Recruiting in a world with so many “friends.”
By John Sumser
Referrals are the best way to find new employees, right? Sort of. But you are no more likely to hire all of your employees through a referral program than you are to broil everything you eat.
When you’re hunting for team members who will give the company a powerful competitive edge in a specific technology, do you want the VP of marketing’s frat brother or the Nobel prize winning scientist? Conversely, when you’re staffing a call center, do you want a hotshot Harvard Business School graduate or the brother-in-law of your best performer?
Pretty much, you never want to use referral programs to staff functions with check writing authority. Referrals, like any recruiting methodology, have their place. They can be powerfully useful. They can also cause culture-rot if managed without care. Sometimes, referrals are not referrals.
Referral programs range in design from high-volume candidate flow drivers to the sort of referral you might make about a bottle of wine or a good restaurant. While the implementation approaches range widely in effectiveness, the idea that all referral programs yield predictable and repeatable results persists.
At its core, an individual referral involves some key elements on both the employee side and the employer side.
It benefits from an employee who:
• has the best interests of the organization at heart;
• knows the sorts of people who can help the company
meet its goals;
• is willing to stake her professional reputation on a recommendation;
• believes that her recommendation will help her friend get the job;
• can adequately distinguish among her interests, her friend’s interests, and the company’s interests; and
• is willing to live with the cognitive dissonance associated with integrating her social and work personae.
It benefits from an employer (really, a hiring manager) who:
• values the employee’s recommendations;
• believes that the workforce will be better if there are “more like her”;
• is willing to give an advantage to someone the employee recommends;
• is comfortable blurring the lines between work and social life;
• wants accountability for acting on referrals to be a part of the employment relationship;
• is willing to risk the morale damage if it doesn’t work out; and
• is willing to be vigilant on the discrimination front.
Referral programs can differ markedly, depending on how much emphasis is put on each of these variables.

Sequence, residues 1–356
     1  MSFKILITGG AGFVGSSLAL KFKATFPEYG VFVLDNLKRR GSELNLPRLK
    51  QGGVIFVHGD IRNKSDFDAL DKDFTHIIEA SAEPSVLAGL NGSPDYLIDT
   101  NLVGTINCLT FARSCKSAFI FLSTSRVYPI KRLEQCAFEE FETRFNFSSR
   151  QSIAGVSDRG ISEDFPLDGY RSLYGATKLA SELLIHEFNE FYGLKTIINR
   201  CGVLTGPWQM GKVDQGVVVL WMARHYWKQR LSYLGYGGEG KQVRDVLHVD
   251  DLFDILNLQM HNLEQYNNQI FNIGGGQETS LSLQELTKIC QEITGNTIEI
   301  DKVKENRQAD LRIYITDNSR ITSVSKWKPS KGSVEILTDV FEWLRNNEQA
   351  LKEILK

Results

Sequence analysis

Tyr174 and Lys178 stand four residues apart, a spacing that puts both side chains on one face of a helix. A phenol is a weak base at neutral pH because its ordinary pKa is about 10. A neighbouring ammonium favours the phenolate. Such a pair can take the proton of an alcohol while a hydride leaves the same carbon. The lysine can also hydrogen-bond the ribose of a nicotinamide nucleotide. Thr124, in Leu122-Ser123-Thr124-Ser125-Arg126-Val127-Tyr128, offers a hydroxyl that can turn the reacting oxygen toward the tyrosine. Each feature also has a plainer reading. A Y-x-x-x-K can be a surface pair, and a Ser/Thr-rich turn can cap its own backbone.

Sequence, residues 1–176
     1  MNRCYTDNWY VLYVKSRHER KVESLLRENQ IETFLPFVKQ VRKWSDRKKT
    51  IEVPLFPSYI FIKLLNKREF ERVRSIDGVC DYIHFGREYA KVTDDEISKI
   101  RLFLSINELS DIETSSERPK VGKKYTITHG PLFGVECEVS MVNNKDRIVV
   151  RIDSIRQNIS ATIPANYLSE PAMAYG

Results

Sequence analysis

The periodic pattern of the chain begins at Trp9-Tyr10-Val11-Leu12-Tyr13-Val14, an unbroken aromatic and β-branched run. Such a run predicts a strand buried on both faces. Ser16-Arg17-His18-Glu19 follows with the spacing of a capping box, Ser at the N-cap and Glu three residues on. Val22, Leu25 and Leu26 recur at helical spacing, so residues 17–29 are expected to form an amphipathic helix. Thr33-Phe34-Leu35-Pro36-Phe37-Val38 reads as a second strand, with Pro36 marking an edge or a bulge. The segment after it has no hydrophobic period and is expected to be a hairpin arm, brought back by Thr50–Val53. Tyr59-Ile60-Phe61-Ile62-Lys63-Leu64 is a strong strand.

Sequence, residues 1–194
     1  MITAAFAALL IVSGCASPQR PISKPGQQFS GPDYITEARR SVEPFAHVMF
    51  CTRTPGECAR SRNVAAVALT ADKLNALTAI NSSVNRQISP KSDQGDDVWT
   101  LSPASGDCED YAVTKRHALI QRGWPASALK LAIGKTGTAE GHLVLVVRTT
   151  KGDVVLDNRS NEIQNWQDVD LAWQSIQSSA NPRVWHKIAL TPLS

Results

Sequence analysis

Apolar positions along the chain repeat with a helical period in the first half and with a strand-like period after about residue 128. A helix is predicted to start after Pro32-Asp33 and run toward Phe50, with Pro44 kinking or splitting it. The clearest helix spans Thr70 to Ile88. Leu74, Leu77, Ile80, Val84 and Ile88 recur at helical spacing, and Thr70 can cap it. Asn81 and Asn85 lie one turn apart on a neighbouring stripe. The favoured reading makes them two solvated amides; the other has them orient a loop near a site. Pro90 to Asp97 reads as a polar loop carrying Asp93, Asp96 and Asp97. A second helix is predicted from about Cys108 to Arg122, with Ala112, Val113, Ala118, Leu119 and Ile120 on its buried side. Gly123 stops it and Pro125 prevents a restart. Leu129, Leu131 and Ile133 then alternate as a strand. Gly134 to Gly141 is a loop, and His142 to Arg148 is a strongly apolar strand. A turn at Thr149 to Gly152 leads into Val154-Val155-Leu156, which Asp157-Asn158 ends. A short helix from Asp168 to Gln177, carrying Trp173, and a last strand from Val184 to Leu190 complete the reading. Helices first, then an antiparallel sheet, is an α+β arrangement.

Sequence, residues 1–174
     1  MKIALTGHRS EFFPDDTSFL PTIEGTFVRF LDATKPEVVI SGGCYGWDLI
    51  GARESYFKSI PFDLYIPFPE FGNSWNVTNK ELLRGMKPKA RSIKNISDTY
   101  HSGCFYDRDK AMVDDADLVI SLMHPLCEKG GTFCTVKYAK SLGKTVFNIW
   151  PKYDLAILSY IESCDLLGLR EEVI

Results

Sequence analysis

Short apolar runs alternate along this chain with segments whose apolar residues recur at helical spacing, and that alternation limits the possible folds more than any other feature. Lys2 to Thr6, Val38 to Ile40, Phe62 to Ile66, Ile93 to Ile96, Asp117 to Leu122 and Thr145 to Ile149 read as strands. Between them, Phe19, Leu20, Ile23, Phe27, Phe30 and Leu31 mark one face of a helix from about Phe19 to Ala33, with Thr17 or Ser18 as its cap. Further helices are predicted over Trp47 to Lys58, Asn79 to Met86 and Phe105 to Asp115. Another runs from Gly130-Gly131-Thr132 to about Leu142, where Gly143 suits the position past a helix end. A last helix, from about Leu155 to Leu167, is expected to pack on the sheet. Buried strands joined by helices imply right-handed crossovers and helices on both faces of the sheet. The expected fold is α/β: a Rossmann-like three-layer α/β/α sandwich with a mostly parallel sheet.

All referral programs are more or less like lottery drawings. The most effective versions of the game are played in close quarters (I recommend you to my friend in HR, and you get the job).
Like any process where actual dirt gets under actual fingernails, an astonishing intimacy ties the recommendation to performance in a very direct way. When executives say that referrals are the best source of new employees, this is what they are talking about.
Close, personal referrals are those in which everyone has real skin in the game. While there is some chance that your friend won’t get the job, the whole idea is that your recommendation improves the likelihood that she’ll be coming to work for the company. Still, there’s always the chance that it won’t work out.
At the other end of the spectrum are mass efforts to increase the number of names that go into the top of the funnel. Each and every employee, regardless of performance or attitude, is asked to contribute friends and connections to the company’s talent pool (perhaps, talent cesspool is closer). There is little intimacy and even less chance that one’s recommendation is meaningful. All of the names collected in this sort of a program go into the same queue as the other people applying for jobs. It’s just like buying your friend a lottery ticket—and every bit as likely to pay off.
This new form of referral, divorced from all of its social intimacy, is the stuff that social media recruiting tools are peddling. Since Andresson-Horrowitz founded Top Prospect, there has been a rush of lemmings racing toward the nirvana of social media-generated referrals. For all of the supposed innovation in that segment, there sure is a lot of “chase the bunny” going on.
At any rate, the kinds of referral programs that work are the ones where all of the players have real skin in the game. A one-in-10,000 shot at winning the prize, getting the job, and achieving the recognition is not skin in the game. Investing one’s reputation to help a friend and the company is.
Since we no longer know what a friend is, it’s no surprise that we’re forgetting what a referral is.
John Sumser is a technology consultant, trade show producer, and webmaster of HRExaminer.com. He can be reached at firstname.lastname@example.org.